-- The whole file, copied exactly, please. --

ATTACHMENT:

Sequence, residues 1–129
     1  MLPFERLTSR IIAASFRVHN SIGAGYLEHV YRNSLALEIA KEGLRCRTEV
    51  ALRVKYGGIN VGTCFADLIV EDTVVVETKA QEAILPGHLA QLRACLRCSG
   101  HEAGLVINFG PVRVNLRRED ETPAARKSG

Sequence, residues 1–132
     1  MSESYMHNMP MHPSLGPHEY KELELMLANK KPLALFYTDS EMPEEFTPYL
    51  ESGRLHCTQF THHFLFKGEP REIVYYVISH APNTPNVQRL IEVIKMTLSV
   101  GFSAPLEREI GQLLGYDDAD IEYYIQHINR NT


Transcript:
Sequence, residues 1–129
     1  MLPFERLTSR IIAASFRVHN SIGAGYLEHV YRNSLALEIA KEGLRCRTEV
    51  ALRVKYGGIN VGTCFADLIV EDTVVVETKA QEAILPGHLA QLRACLRCSG
   101  HEAGLVINFG PVRVNLRRED ETPAARKSG

Sequence, residues 1–132
     1  MSESYMHNMP MHPSLGPHEY KELELMLANK KPLALFYTDS EMPEEFTPYL
    51  ESGRLHCTQF THHFLFKGEP REIVYYVISH APNTPNVQRL IEVIKMTLSV
   101  GFSAPLEREI GQLLGYDDAD IEYYIQHINR NT